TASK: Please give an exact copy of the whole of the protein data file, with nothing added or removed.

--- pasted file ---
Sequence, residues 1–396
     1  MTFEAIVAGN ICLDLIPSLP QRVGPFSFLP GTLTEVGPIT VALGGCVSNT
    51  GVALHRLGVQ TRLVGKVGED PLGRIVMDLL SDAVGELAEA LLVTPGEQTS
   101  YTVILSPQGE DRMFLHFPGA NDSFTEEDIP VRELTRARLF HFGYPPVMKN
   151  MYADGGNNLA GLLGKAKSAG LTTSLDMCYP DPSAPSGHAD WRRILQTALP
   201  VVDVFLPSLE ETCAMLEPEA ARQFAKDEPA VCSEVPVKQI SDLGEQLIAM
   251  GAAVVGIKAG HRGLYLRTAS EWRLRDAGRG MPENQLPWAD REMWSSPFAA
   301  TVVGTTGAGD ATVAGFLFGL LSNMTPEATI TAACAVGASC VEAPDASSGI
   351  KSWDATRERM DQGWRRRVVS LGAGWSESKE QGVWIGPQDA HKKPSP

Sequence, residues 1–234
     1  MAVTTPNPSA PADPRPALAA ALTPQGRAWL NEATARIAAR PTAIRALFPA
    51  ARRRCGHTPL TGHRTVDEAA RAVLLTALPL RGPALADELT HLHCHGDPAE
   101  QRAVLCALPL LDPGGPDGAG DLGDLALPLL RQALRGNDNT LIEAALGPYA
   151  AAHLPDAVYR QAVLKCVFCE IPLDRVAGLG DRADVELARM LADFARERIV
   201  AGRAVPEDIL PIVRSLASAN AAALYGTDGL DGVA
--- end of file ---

Sequence, residues 1–396
     1  MTFEAIVAGN ICLDLIPSLP QRVGPFSFLP GTLTEVGPIT VALGGCVSNT
    51  GVALHRLGVQ TRLVGKVGED PLGRIVMDLL SDAVGELAEA LLVTPGEQTS
   101  YTVILSPQGE DRMFLHFPGA NDSFTEEDIP VRELTRARLF HFGYPPVMKN
   151  MYADGGNNLA GLLGKAKSAG LTTSLDMCYP DPSAPSGHAD WRRILQTALP
   201  VVDVFLPSLE ETCAMLEPEA ARQFAKDEPA VCSEVPVKQI SDLGEQLIAM
   251  GAAVVGIKAG HRGLYLRTAS EWRLRDAGRG MPENQLPWAD REMWSSPFAA
   301  TVVGTTGAGD ATVAGFLFGL LSNMTPEATI TAACAVGASC VEAPDASSGI
   351  KSWDATRERM DQGWRRRVVS LGAGWSESKE QGVWIGPQDA HKKPSP

Sequence, residues 1–234
     1  MAVTTPNPSA PADPRPALAA ALTPQGRAWL NEATARIAAR PTAIRALFPA
    51  ARRRCGHTPL TGHRTVDEAA RAVLLTALPL RGPALADELT HLHCHGDPAE
   101  QRAVLCALPL LDPGGPDGAG DLGDLALPLL RQALRGNDNT LIEAALGPYA
   151  AAHLPDAVYR QAVLKCVFCE IPLDRVAGLG DRADVELARM LADFARERIV
   201  AGRAVPEDIL PIVRSLASAN AAALYGTDGL DGVA